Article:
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Updated NFL Playoffs picture and rooting interests guide: The Watch, Week 15

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With 13 games played, the Panthers are so far in front of the rest of the conference that they've already guaranteed themselves a week off in the postseason. The team that currently ranks at the bottom of the conference still has an outside shot at the playoffs - the two teams ranked above them do not. The two teams sitting in the Wild Card are so far in front of the teams on the outside that they can both lock in their positions with two games still to play. And the Seattle Seahawks are going to be rooting for the Steelers and Cowboys for the rest of the year if they want any prayer of winning the division.

Welcome to Week 15 of The Watch.


From a playoffs perspective, things couldn't have gone much better for the Seahawks. Not only did they chalk up their fourth win in a row against the hapless Ravens, but Minnesota's last-second yak job in Arizona means both teams now sport an 8-5 record. By virtue of Seattle's smackjob of Minnesota in Week 13, the Seahawks have the head-to-head tiebreaker and thus ownership of the #5 seed over the Vikings. Not only that, but losses by the Falcons and Buccaneers put them both two games behind the Seahawks and Vikings in the playoff picture. If the right dominoes fall this week, the Seahawks could have a playoff spot clinched even before their last two contests are played.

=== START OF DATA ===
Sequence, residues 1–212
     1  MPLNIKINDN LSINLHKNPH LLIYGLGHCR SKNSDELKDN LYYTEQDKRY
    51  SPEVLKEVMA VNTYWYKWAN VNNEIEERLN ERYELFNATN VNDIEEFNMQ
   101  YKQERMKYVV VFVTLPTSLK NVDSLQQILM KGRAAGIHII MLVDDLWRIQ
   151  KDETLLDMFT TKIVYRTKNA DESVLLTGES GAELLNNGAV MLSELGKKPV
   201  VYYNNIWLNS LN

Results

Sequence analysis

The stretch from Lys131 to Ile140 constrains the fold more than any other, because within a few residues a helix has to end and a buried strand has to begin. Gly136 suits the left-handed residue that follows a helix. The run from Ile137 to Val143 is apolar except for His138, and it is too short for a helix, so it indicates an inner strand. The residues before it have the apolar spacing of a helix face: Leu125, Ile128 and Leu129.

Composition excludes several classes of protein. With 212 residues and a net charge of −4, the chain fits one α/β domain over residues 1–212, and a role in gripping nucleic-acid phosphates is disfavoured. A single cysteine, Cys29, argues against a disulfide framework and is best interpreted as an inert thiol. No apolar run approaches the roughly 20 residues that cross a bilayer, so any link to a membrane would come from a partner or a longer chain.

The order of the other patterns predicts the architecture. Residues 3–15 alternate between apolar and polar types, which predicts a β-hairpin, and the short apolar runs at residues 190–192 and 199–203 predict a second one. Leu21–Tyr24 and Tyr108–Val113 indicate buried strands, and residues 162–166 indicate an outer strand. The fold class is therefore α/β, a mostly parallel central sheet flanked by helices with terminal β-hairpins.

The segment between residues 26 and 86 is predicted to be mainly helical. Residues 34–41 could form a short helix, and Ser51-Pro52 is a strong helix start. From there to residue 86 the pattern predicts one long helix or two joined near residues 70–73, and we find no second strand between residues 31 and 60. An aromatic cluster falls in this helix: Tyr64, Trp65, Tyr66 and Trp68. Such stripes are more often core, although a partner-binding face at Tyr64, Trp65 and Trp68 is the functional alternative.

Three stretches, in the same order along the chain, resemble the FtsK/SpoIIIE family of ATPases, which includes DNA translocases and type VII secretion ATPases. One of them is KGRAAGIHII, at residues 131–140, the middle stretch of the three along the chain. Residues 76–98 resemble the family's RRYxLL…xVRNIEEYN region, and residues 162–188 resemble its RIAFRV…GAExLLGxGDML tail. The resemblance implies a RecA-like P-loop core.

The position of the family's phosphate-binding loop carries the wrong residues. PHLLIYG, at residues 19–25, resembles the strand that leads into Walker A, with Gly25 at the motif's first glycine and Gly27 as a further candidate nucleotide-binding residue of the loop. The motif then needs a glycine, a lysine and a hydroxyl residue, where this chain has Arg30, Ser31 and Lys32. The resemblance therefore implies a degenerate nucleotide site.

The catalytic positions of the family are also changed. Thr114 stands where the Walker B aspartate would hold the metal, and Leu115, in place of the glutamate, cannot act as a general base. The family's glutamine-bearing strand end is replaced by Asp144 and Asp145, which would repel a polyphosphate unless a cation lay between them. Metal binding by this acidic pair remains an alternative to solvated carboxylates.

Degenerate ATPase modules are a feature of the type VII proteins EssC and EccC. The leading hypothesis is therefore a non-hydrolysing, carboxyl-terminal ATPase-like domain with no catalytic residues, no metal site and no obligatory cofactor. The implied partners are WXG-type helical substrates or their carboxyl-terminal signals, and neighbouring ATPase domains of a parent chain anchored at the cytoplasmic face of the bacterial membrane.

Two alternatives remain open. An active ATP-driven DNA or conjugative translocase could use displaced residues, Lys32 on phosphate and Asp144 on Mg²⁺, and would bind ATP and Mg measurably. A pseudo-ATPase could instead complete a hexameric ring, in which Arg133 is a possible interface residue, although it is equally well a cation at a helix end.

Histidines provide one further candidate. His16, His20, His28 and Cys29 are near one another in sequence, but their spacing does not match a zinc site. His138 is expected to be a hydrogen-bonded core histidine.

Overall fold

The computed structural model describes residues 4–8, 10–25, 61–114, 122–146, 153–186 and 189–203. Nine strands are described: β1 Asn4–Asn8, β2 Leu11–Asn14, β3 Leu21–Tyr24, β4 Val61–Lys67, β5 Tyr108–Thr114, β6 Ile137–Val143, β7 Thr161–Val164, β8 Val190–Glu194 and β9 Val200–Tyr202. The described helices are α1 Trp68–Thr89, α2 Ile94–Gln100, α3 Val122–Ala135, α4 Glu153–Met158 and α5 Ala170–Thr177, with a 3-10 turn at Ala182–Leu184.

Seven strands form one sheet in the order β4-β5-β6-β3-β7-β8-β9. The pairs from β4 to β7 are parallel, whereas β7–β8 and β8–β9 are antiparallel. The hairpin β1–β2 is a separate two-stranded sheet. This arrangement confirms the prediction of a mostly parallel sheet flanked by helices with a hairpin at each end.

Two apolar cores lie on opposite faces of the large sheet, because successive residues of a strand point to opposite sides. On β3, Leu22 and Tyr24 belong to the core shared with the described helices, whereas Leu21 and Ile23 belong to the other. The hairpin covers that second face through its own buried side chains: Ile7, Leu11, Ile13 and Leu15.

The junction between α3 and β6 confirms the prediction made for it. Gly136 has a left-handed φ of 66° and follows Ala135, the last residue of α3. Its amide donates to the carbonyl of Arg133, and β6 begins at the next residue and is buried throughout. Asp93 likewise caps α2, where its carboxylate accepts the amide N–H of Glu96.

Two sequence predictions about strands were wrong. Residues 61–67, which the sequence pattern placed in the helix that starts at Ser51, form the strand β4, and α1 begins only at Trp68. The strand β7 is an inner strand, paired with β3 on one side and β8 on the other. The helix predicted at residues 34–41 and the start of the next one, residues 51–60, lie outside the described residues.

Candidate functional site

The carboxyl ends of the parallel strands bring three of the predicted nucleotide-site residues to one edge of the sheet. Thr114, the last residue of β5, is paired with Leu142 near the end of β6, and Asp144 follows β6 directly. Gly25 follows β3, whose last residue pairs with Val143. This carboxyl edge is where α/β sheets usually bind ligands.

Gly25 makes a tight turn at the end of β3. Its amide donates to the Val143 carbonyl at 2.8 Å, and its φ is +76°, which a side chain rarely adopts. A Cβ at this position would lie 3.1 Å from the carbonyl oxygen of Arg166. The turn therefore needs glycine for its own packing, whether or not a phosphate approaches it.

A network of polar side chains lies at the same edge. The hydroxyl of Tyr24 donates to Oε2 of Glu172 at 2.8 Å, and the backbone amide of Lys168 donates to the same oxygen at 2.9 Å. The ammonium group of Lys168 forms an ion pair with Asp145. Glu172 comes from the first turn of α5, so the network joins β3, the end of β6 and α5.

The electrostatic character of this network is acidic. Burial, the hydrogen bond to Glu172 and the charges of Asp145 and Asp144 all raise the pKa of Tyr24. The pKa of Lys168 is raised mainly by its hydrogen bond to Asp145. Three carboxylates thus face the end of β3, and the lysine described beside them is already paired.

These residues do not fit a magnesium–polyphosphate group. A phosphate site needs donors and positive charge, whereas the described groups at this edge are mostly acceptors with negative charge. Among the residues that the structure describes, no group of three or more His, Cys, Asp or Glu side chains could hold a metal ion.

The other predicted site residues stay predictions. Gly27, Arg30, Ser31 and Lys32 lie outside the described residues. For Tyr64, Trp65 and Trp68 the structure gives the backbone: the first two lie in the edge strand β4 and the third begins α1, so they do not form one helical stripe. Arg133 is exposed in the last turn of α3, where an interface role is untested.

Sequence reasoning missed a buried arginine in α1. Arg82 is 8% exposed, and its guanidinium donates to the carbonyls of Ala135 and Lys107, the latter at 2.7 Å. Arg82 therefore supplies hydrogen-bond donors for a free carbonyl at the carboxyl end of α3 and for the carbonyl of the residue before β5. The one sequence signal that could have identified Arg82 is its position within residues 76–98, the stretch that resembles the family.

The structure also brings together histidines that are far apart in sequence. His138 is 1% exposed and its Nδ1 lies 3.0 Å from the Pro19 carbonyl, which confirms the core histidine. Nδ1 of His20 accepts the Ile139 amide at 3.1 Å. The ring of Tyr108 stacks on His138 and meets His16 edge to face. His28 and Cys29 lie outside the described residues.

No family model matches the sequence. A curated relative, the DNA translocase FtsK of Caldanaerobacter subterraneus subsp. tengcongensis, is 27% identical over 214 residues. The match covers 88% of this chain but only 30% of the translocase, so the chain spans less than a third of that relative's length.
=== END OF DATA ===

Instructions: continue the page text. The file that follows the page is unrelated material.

Sadly, they also could have little opportunity to improve their lot in those remaining weeks. The loss by the Vikings improves our immediate position, but the fact that it was a loss to Arizona makes our prospects for winning our third straight division title about as grim as they could possibly be short of mathematical elimination. The Seahawks and Cardinals can only tie at this point with 11-5 records. Should this happen, it would take five layers of tiebreakers to decide things between them - and at the moment, Arizona has the edge in that category too.

We'll talk more about the razor-thin margin of error the Seahawks have for the NFC West, but first here's the rundown of the conference rankings:


Division tiebreakers take precedence, and go in the following order: head-to-head, division record, common opponents, conference record, strength of victory, strength of schedule. Conference tiebreakers are then handled in the following order: head-to-head sweep, conference record, common opponents (minimum 4), strength of victory, strength of schedule.

If three or more teams tie for the same record, tiebreakers are used until one team either succeeds or fails outright, at which point the tiebreakers start over for the remaining teams.

  • The Panthers can do no worse than 13-3 at this point, and since the current #3 seed (the Packers) can do no better than 12-4, this guarantees Carolina a first-week bye in the playoffs.
  • Washington maintains the NFC East lead in the same fashion they did last week: first the Giants fall off the map due to the weakest divisional record, then hold a head-to-head tiebreak against the Eagles. The Eagles then get second place due to their head-to-head win over the Giants.